Waikaraka Estuary, New Zealand

Waikaraka Estuary, in Tauranga, New Zealand, is the perfect place to study how an ecosystem changes following mangrove removal. Unlike other parts of the world, mangroves are expanding in New Zealand. These mangroves provide many benefits, including stabilizing coastlines and storing carbon. However, they also change the habitat by trapping mud, which prevents bivalves (clams and oysters) from growing. People living along the coast cut down mangroves to prevent them from “muddying” their estuaries. In Waikaraka Estuary, local citizen groups began clearing mangroves starting in 2003. Our collaborator, Debra Stokes (Southern Cross University), examined the changes in the 5 years immediately after mangrove removal. Now we’re studying the estuary more than 10 years later.  This sort of long-term study is rare and provides valuable information on the evolution of a coastal system.

Left: Google Earth Image of Waikaraka Estaury in 2003. Note the extensive mangroves. Right: Same view in 2018; the mangroves are almost completely gone.

This study is funded by the new ASLO Limnology and Oceanography Research Exchange (LOREX) program. ASLO is promoting international collaboration by funding graduate students to conduct research abroad. Check out blog posts about our field work on the ASLO LOREX website! Further funding for sampling materials and laboratory analysis has been provided by the Quaternary Research Center at UW.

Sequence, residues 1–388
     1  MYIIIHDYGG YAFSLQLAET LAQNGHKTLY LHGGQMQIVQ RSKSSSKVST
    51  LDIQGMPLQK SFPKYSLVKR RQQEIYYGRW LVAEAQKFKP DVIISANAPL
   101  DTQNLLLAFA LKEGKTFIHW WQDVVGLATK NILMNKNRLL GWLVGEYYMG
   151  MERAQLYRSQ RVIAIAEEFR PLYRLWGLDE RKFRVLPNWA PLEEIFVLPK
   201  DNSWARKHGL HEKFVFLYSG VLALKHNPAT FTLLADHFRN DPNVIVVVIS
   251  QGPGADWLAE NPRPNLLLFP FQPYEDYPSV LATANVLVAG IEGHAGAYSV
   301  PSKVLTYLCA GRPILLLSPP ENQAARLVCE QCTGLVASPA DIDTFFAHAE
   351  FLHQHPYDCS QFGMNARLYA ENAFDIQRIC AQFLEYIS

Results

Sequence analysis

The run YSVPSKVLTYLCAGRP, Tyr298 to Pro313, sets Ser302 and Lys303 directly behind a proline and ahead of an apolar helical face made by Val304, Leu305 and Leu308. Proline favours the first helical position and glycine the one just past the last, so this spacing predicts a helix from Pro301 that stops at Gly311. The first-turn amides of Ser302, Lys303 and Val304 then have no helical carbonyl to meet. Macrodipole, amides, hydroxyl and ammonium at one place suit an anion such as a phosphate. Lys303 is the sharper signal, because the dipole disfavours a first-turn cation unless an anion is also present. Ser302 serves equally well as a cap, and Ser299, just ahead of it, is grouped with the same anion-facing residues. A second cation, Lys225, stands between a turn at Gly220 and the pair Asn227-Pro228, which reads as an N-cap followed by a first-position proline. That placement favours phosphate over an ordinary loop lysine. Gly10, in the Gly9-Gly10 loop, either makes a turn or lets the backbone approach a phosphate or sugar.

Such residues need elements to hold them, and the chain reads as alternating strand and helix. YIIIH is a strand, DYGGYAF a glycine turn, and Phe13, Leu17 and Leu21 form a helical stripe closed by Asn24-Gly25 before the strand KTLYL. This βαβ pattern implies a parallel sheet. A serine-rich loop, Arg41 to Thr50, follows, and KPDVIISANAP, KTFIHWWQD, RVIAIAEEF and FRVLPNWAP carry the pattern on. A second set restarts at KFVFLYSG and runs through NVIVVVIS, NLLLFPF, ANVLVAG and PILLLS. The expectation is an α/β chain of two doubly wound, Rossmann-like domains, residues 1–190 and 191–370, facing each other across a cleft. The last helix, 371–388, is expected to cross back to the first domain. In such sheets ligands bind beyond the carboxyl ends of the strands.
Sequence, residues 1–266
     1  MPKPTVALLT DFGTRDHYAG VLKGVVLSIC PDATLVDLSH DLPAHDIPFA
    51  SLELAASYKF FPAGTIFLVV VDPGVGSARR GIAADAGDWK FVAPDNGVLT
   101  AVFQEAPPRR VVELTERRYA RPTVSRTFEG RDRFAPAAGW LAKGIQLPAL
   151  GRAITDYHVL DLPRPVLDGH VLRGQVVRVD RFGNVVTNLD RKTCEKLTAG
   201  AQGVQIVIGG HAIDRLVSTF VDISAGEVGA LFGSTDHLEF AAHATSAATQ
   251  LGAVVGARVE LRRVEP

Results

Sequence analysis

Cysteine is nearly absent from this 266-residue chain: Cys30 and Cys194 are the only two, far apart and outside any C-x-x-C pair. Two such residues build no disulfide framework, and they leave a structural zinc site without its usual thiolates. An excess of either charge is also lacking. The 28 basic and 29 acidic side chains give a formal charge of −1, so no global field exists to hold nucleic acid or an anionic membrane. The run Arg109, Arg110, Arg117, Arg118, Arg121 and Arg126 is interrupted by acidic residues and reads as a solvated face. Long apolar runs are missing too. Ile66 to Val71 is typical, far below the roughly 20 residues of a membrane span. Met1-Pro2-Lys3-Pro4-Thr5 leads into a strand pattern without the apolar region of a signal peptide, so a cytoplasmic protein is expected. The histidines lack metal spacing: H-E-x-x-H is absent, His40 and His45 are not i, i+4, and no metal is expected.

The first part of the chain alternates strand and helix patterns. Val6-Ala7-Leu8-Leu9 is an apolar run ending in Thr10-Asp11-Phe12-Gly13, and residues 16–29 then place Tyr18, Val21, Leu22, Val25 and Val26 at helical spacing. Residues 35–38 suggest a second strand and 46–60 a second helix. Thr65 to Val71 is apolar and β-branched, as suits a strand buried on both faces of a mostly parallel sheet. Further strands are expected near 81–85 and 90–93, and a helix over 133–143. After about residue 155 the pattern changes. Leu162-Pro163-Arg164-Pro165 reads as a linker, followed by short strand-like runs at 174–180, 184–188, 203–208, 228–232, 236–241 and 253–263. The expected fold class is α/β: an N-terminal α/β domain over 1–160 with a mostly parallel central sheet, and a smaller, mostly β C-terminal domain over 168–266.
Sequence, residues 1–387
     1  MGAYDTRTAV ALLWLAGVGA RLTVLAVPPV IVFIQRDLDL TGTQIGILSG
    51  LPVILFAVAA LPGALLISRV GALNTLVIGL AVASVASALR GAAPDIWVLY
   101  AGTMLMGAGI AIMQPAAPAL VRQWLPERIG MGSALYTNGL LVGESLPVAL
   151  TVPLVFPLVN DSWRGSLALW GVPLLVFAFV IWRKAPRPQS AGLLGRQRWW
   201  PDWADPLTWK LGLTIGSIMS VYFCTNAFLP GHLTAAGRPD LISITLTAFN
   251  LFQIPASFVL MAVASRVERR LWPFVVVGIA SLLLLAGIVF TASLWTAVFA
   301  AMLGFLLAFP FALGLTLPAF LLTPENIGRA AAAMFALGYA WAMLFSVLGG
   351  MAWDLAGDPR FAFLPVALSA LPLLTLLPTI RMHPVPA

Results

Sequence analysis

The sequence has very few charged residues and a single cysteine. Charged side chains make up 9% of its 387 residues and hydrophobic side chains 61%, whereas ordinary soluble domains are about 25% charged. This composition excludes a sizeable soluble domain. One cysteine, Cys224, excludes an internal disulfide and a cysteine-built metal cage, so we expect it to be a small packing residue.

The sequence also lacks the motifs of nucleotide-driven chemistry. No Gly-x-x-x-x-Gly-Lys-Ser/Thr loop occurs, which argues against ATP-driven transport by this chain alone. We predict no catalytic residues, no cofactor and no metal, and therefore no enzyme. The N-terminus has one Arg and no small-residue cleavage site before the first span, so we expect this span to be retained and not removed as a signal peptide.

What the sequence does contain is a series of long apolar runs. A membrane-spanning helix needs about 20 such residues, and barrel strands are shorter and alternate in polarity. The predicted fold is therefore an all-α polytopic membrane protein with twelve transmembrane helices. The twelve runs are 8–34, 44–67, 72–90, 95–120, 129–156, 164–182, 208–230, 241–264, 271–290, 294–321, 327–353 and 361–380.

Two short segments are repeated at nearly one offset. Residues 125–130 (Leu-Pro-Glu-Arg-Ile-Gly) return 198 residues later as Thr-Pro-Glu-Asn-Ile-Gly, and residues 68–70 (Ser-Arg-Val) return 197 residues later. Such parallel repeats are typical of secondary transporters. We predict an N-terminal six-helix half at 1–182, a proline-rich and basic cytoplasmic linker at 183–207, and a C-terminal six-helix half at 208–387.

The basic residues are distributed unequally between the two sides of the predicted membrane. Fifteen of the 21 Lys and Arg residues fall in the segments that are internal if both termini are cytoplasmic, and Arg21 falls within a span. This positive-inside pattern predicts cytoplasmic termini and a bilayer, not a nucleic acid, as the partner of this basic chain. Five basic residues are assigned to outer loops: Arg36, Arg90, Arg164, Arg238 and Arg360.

Debra Stokes (Southern Cross University), Karin Bryan (University of Waikato), Conrad Pilditch (University of Waikato)


There is still lots of mud remaining in the estuary, despite the mangrove removal.

Sediment cores and root cores collected for later analysis

A sediment trap and plate in the fringe of the mangroves







Debra Stokes (Southern Cross University) wading through thick mangroves.

Karin Bryan and Conrad Pilditch (University of Waikato) deploying instruments to measure water flow.

Hannah with a sled full of gear